Russian novelist Vladimir Nabokov actually trained himself to be most productive at night, considering his wakefulness a gift.
But what comes first – the insomniac or the creative genius?
Kevin Morgan, professor of psychology at Loughborough University’s Clinical Sleep Research Unit, claims that the ‘demon of insomnia is thinking’
Kevin Morgan, professor of psychology at Loughborough University’s Clinical Sleep Research Unit, says those who struggle to ‘switch off’ often report trouble sleeping.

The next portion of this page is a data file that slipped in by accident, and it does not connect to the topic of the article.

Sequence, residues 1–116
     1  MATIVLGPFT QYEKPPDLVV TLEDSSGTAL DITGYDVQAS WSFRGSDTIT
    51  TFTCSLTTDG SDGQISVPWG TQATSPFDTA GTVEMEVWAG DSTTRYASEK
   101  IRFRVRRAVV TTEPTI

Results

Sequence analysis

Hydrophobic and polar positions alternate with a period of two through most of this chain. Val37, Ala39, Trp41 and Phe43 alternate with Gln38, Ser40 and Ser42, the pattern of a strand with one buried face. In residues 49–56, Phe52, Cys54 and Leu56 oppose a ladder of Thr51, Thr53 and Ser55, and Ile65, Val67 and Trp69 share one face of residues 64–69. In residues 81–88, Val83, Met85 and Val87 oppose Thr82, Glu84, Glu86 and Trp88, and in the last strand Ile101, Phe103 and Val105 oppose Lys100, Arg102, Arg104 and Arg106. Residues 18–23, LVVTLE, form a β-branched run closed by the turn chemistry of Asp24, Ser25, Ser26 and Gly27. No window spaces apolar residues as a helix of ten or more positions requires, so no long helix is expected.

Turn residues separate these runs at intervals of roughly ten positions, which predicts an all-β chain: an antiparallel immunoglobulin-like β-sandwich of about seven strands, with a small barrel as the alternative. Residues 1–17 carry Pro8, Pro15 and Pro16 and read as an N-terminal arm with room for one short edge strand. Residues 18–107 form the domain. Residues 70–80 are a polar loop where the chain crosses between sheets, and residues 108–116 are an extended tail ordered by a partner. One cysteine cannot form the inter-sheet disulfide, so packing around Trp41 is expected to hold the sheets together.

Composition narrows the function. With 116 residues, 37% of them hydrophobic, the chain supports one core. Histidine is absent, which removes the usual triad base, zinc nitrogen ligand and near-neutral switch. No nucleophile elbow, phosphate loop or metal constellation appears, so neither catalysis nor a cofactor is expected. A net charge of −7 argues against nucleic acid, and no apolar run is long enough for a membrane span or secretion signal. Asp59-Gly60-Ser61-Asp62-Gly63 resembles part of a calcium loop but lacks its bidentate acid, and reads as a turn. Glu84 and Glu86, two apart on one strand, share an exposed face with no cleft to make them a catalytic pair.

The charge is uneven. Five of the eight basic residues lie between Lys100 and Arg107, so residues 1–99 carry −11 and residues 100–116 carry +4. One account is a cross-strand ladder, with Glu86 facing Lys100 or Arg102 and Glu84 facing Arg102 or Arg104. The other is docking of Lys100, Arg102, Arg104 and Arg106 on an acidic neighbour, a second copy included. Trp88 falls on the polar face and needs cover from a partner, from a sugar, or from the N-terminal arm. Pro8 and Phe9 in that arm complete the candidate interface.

He adds: ‘The demon of insomnia is thinking. If you can’t turn your brain to fading mode to go to sleep, then you won’t sleep.’
The jury is out on the underlying mechanism but there is one thing sleep experts seem to agree on: reframing insomnia as ‘wakefulness’ provides a golden opportunity to get things done.
‘Insomnia is only a problem when it impacts on a person’s daily life,’ says Dr Neil Stanley, of the British Sleep Society.
Although he doesn’t advocate deliberately curtailing sleep, he encourages night-owls to accept their waking and use it to be productive. He says: ‘Time is the one thing we have a limited amount of in our lives so we need to use it productively.
People shouldn’t cut down on their sleep, but it is better to be awake and out of bed doing something than awake in bed.
‘If you are awake for 20 minutes, get up, and if that means you can do something creative, then all the better.’